All organizations at one point or another will encounter a unique chance to leverage their heritage. Whatever form that takes—a strategic partnership, a political or social reason, or an internal opportunity—companies should be prepared for it. But they don’t often have the resources to capitalize on the opportunity. And when that happens, a better-equipped competitor can reap the benefits.

Brooks Brothers has positioned itself to capitalize on these opportunities. The iconic American men’s clothier consistently weaves its heritage into its strategic partnerships and product lines. Brooks Brothers’ ability to draw from the past to support its current endeavors rests in its robust archive of clothing and fabric samples, images, documents, and other materials. For a company rooted in tradition and classic style, heritage helps fortify its brand positioning and maximize heritage-based opportunities when they arise.

Brooks Brothers promoted its menswear line inspired by its work on “The Great Gatsby” movie in its U.S. store displays.

Brooks Brothers promoted its menswear line inspired by its work on “The Great Gatsby” movie in its U.S. store displays.

Nowhere is this more evident than in the new Baz Luhrmann film “The Great Gatsby.” Brooks has direct ties to author F. Scott Fitzgerald, who wore a  Brooks Brothers polo collar shirt nearly every day. As a Time feature recently recalled, “Fitzgerald made an outfit of their shirts, and was seldom seen without one; it’s strange to think that despite the writer’s fussy and ironically pre-jazz-age look, you can walk into the same [Brooks Brothers] store almost a century later and buy more or less the exact shirt he wore in most of his photographs.”

Because of this connection, Brooks Brothers was a natural fit as a partner in the new film. Brooks played a central role in costume design, using photographs from its archives to inspire most of the 500-piece men’s wardrobe. It also manufactured all of the garments. (Watch the behind-the-scenes video describing the collaboration.)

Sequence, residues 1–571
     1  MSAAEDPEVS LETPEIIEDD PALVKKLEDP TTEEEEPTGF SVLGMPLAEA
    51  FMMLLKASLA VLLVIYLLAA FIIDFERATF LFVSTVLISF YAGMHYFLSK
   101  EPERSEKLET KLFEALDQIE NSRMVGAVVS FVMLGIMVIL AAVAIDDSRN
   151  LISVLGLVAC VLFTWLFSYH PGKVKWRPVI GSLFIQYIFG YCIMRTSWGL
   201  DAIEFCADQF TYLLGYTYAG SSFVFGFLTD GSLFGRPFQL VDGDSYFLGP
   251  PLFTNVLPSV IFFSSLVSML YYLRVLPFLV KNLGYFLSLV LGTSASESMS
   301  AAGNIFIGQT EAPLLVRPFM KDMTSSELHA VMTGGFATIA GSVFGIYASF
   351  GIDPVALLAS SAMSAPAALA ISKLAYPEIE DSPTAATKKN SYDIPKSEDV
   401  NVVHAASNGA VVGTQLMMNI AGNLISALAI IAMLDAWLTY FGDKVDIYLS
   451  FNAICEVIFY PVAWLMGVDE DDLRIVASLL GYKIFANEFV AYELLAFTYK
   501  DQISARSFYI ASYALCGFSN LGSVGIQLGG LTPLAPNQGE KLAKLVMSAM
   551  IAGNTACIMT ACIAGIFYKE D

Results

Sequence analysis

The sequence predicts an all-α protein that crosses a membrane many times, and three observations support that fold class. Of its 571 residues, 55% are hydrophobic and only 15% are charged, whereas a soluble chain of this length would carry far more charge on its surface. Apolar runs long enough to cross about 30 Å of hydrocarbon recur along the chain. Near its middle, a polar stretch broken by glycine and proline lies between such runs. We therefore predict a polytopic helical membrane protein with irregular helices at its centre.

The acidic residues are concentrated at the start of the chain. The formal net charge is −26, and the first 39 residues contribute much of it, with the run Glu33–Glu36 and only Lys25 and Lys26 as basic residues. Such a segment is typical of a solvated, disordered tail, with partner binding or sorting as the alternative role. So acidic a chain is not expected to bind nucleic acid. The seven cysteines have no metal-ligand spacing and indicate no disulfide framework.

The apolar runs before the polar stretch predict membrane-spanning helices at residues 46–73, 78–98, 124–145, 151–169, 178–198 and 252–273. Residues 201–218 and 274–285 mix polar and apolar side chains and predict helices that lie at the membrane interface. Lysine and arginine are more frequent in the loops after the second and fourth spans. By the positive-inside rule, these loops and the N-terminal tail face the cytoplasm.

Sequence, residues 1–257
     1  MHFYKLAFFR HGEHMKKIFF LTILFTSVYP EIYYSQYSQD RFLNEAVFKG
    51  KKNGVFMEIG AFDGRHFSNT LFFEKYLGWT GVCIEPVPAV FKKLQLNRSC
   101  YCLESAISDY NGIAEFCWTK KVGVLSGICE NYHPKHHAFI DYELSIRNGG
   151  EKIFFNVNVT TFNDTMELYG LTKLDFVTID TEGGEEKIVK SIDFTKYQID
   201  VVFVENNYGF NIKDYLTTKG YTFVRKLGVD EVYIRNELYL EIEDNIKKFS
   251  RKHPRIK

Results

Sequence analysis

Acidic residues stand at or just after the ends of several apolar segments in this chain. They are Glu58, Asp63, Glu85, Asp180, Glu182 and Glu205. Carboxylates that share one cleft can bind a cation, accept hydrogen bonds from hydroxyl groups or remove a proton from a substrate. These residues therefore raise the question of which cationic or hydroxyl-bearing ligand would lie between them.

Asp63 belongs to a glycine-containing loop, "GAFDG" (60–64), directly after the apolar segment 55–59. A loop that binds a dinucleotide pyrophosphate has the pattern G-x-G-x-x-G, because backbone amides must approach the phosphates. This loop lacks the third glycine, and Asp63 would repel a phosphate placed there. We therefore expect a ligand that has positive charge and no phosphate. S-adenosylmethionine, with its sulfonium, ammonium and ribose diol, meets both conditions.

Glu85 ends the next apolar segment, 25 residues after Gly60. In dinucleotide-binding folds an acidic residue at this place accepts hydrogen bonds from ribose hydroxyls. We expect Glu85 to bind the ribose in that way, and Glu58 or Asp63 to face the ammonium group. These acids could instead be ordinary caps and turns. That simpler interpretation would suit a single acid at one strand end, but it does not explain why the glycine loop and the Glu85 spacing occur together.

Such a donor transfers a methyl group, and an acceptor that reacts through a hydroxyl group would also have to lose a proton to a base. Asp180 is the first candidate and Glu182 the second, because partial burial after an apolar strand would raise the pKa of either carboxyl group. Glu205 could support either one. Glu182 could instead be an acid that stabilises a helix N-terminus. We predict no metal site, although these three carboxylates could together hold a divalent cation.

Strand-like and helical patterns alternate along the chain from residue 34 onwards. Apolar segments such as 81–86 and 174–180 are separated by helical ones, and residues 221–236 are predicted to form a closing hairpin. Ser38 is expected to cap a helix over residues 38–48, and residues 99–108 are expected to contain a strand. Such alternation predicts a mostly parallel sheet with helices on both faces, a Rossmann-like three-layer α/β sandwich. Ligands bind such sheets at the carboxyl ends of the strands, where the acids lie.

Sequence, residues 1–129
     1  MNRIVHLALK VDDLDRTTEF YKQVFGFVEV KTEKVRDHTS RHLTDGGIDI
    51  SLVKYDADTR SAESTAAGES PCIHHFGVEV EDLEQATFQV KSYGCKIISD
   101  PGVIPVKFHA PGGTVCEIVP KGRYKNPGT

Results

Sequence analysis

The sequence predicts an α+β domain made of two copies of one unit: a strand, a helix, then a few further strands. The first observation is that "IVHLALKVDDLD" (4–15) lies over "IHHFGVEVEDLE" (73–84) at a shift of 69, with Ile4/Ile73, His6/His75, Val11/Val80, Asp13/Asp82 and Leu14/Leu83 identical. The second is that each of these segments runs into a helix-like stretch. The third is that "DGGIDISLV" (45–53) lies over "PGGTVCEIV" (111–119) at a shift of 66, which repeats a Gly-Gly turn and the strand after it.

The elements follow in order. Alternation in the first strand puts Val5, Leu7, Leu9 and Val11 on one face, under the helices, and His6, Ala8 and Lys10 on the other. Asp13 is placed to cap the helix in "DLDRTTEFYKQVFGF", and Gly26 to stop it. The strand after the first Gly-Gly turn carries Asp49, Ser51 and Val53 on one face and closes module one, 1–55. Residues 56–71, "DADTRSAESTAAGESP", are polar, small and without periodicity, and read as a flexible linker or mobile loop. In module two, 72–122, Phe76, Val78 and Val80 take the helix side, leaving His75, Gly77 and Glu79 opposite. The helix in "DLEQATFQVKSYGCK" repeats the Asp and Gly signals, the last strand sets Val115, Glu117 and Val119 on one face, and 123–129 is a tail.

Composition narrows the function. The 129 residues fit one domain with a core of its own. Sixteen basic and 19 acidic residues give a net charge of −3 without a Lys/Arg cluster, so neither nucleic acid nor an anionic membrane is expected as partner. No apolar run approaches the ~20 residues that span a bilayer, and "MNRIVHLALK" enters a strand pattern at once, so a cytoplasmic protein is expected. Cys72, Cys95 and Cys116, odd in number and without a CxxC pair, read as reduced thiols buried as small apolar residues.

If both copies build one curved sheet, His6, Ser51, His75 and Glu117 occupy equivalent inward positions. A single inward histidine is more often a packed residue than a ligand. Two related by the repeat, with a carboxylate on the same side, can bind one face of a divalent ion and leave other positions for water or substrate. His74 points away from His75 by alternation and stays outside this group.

Beyond its hands-on role with costume design and manufacturing, Brooks Brothers extensively promoted its relationship with the film and touted its use of the archive in developing the film’s wardrobe. Ultimately, it adapted the costumes for a special collection sold online and at Brooks Brothers stores.

This project is not the first time Brooks Brothers has used heritage management to tie the brand to significant events. In the days surrounding the 2013 presidential inauguration, store windows at its Dupont Circle location in Washington, D.C., touted the connection between the retailer and its relationship with President Franklin D. Roosevelt (he wore a Brooks Brothers cape to the Yalta conference, which was recreated and placed in the window display). A replica of a Brooks Brothers suit that Abraham Lincoln wore was also on display.

Brooks Brothers has used its history to support numerous other initiatives since its archive was established in 1982. What sets the retailer apart is that it keeps working to identify influential moments in its history, and uses them to continue to authenticate and differentiate the brand today.

 

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Brooks Brothers uses window display space to describe how it used its archive to create an authentic collection that pays homage to the looks of 1920s.